Signup date: 15 May 2007 at 2:40pm
Last login: 24 Dec 2007 at 10:55am
Post count: 472
If you find something better, go for it. If not, stick with what you've got now until you do.
I've known a number of PhD graduates who went through hell during their PhD student years but have been much happier in their post-PhD years. On the other hand, I've also known people who completed their PhD and then went straight down a different path and are happy as well. I can't say I've personally known people who have quit their PhDs mid-way. The closest are the ones who decided to take a break from their PhDs for a breather, and then come back to it with renewed energy.
Maybe a break is what you need?
fluffymonster - that's why we usually have someone else take the minutes (someone who is actually trained to take minutes, there's a short training session run by the university for administrative staff specifically about coordinating meetings, which includes how best to take minutes). The one RA who does take notes actually volunteered.
You're right, you were probably asking the wrong people. It's a bit like preaching to the converted, you were talking to a very skewed sample if they were already established academics with jobs (or people on the other end of the scale who don't know what a PhD is).
I am not aware of age being a factor in this area, unless you're aiming for a professorship (in which case all bets are off on every nit-picking factor depending on who you're talking to).
More often than not, supervising academics are only interested in your intellectual capacity and how your PhD studentship can add to their research group to boost their own standing (and I mean that both in a positive and negative sense, take it how you will). In my experience that is really what it comes down to.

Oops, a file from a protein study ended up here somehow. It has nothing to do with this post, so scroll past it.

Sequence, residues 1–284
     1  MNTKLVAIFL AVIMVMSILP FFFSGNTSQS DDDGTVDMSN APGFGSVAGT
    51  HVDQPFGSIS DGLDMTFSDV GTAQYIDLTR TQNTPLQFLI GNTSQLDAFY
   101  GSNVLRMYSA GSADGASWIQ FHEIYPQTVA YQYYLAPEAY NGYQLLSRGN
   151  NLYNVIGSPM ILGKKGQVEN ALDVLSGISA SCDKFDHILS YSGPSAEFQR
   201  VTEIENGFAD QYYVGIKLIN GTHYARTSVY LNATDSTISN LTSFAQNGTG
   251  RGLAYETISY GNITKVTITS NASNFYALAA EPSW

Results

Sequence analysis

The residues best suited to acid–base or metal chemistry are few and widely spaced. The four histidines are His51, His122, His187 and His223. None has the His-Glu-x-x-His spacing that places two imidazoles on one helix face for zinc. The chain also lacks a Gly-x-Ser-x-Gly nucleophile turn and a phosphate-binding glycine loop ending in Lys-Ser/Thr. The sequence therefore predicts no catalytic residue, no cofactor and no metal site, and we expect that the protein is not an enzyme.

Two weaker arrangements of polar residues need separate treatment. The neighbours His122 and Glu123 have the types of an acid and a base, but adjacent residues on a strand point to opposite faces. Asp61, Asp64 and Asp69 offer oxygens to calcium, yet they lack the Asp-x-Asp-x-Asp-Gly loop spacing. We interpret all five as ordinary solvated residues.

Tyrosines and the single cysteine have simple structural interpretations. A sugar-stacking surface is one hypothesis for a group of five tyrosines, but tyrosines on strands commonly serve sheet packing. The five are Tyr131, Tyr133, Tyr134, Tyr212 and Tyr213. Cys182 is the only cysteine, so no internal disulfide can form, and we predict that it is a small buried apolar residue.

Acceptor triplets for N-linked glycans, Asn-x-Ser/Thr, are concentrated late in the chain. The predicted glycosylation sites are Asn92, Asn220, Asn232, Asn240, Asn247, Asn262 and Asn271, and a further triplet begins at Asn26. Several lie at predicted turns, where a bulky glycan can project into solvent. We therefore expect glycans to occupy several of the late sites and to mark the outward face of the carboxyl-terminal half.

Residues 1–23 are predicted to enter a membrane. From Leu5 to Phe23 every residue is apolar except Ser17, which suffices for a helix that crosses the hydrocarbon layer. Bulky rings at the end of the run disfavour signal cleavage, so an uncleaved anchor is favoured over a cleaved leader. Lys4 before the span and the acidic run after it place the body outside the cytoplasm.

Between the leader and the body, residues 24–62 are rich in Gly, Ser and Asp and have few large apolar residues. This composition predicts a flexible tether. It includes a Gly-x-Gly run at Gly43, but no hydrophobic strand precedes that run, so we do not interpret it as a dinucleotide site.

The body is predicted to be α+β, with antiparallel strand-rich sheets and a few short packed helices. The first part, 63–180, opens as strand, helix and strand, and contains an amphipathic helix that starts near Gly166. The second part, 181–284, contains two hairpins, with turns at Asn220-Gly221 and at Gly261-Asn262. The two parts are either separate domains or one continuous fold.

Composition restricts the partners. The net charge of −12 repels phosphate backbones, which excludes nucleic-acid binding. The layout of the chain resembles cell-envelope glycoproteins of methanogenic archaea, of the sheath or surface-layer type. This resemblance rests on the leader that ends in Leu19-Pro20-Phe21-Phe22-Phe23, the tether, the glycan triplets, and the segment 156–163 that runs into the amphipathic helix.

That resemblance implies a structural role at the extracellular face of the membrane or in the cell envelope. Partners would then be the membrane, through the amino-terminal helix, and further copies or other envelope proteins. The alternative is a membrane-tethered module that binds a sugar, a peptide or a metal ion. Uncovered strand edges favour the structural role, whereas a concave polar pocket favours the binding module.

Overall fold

BadHaircut - you've described the average circumstances that most waiters and waitresses put up with every night on the job. I have not met many people in the same hospitality field who have more positive things to say than negative. But we've all got to do what we gotta do to survive when things are tough, it's not always smooth sailing for everyone. Believe me I can understand the situation you're finding yourself in right now, I can definitely empathise with the absolute frustration you're expressing. The only thing I can say to this is to stay positive and to look at it as paying your dues (no matter how long you've been paying it prior to completing your PhD!) until your ship comes in. Out of interest though, did you do a bit of research into the job prospects of your chosen field before undertaking a PhD first?
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